By Salem, Massachusetts standards, The Salem Art Gallery is a fairly unassuming building from the outside. Located in the northern part of “The Witch City,” the simple Victorian building doesn’t boast about the dark treasures within. Decorated with red curtains, and clean, white walls, the interior feels like you’ve walked onto the set of a 1960s Occult horror film, which is probably intentional, since The Gallery is the new official headquarters for The Satanic Temple.
“The building was donated to us,” Ash Astaroth of The Satanic Temple tells me. “It’s been a funeral home for most of its history.”
The Satanic Temple is an organized religion, dedicated to “spreading benevolence among all people,” in accordance with what it calls “Satanic Values” that include, “the struggle for justice is an ongoing and necessary pursuit that should prevail over laws and institutions,” and, “beliefs should conform to our best scientific understanding of the world.”
So why start an art gallery as your headquarters if you are a religious organization? Ash says that while, for TST members, the “temple” is within them, outward temples throughout history have always been art galleries, or places where art is used to evoke higher emotions in people. He claims that in this way, as with many things, Satanists are just being “more honest” than others when they call their headquarters an art gallery. The Satanic Temple is an Atheistic religion, but one that recognizes and uses the psychological power of ritual, archetypes, and aesthetics.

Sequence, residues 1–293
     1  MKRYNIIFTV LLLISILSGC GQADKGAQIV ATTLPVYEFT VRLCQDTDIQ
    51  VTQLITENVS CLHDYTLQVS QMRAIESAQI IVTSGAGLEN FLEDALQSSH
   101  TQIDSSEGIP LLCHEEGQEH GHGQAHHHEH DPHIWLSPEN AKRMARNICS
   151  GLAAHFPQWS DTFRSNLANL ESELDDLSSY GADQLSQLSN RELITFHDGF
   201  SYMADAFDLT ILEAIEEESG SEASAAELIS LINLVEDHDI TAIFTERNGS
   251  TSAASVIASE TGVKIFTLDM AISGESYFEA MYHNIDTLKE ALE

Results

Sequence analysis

The first sight that greets you as you walk into the Gallery is a painting by Christopher Andres of the famous slave and musician, Blind Tom. He is crucified and glowing like a deity, with his blind blue eyes staring out at you. Above, positioned almost like angel wings, is a blacked-out Confederate flag, and a whited-out American flag. “We are very aware of our country’s history,” Ash says. Before the painting sits an infant Satan, offering hope that America will overcome its dark past and enter a new Satanic Age.
The art that the Salem Art Gallery hosts is provocative, Satanic, and beautiful. It ranges from paintings, to sculptures, to multimedia art. Another particularly politically charged sculpture by Christopher Andres features Tituba, or Pecola Breedlove, walking a Klansman like a dog, with a noose as a leash.
At the time of this article’s publication, the gallery is currently hosting several paintings by artist Vincent Castiglia, who is famous for painting in his own blood, and while Castiglia doesn’t claim to be a Satanist himself, TST holds that his art does have a Satanic quality.
“We’re asking people to see beauty in the grotesque and thematically, painting in his own blood speaks to personal ritual, combined with art.” One painting in particular, entitled “The Great Whore” depicts the goddess Babalon, of both the Bible and Thelema, holding her chalice high while her rotting legs spread wide. “We’re always seeing the other side of the coin to every archetype, so while Christians might maybe demonize the whore of Babalon, we see her as an empowered woman.”
In another room, there is a full exhibit on The Process Church of The Final Judgement, and The Satanic Panic of the 1980s, featuring magazines, children’s books, and videos of pearl clutching reporters that span from Alex Jones to Oprah. The Satanic Panic grew out of the newly found power of the “Moral Majority” under Reagan, and revolved around hysteria over what was called “Satanic Ritual Abuse.” People at the time were paranoid Satanists were kidnapping children and minors in order to torture and sacrifice them.